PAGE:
How does the D3 achieve such high ISO?

Started Feb 17, 2008 | Discussions thread
ohyva Veteran Member • Posts: 6,342
Re: The mathematician's vs. the engineer's approach

Marianne Oelund wrote:

ohyva wrote:

ejmartin wrote:

Really? Googling "dark current noise", the first listing
http://www.roperscientific.de/tdark.html

I just wonder why then so many research activities in silicon sensor
structures to minimize the dark current. Like this one WO patent
http://www.wipo.int/pctdb/en/wo.jsp?wo=2005083791

Any isolation should not make any effect to thermal noise as far as I
can remember to my very much past phisics lessons.

I can assure you that the dislocations which that patent addresses
are without question of thermal origin. Do you honestly believe that
component of dark current would persist at absolute zero?

Absolute zero point - no as there is (in theory) no movement whatsoever.

Is this strictly proportional to temperature - I do not know, as I do no longer remember all the mechanisms and formulas related to different current/charge leakages.

Term "thermal noise" AFIAK and can remember has a special meaning in physics, so not all thermal dependent phenomena fall in this category.

To the main point of this post:

Mathematicians expend considerable effort studying single-point
anomalies such as singularities, path-dependent limits, etc., which
have no practical real-world counterpart (aside from black holes).
Engineers recognize what is most significant, pertinent and
practical, and limit their dealings to such aspects.
What you are doing is devoting a disproportionate effort to effects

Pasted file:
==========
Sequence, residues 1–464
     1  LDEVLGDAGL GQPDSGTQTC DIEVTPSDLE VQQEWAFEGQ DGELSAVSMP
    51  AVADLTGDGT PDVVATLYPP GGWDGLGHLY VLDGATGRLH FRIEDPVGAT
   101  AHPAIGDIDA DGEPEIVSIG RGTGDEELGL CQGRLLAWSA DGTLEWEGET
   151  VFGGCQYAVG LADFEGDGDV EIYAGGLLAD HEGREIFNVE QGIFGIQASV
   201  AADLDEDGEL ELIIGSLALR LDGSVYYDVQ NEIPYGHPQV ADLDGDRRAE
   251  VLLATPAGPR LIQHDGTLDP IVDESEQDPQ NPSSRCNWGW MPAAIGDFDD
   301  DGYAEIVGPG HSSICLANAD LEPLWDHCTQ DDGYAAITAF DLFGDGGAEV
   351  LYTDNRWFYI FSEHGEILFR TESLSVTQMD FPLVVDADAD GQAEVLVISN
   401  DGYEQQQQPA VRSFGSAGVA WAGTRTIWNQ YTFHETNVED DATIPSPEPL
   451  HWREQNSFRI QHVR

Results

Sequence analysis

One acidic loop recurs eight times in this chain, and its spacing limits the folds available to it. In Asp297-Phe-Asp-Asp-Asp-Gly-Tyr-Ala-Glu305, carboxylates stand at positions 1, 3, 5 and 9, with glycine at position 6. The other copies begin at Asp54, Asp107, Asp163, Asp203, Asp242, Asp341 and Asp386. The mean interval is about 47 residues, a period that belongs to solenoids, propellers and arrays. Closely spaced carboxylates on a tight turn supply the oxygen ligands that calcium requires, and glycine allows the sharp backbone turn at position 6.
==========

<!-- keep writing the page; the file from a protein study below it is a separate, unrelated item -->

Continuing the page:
which, if significant, would already have been included in the noise
models.

And engineers, in real life, fall regularly into problems when trying to oversimplify the models. I can assure I know and have learned this in a painfull way in my 20 years of professional work in electrical engineering.

The models work very well, to experimental accuracy. That
has been repeatedly demonstrated, and if you insist on pursuing
negligible effects, assume that you will be on your own with them;
you can certainly count on no support here.

So did the Newton Laws before Treory or Relativity was introduced, now recently challenged with theories of Quantum Physics. All these in the dómains and limitations they have.

Finally, it is beyond annoying to have one who has asked a question,
then turn around and put up a series of arguments against the answer
provided. Emil has been more than patient with you - far more than
you deserve.

Patience is a virtue.

And Marianne, when you make the sort of statement below, I guess we can expect you have many the analysis beyond any reasonable doubt. So complaining other people to be too strict in details is a bit indiscreet IMHO.

"Fact #1: Quantum efficiency is significantly higher on the D3, yielding greatly reduced shot noise.

Fact #2: Read noise levels are nearly the same on the two cameras, across the ISO range.

Fact #3: The D3 has in-camera NR which significantly improves IQ of its JPEG output. "

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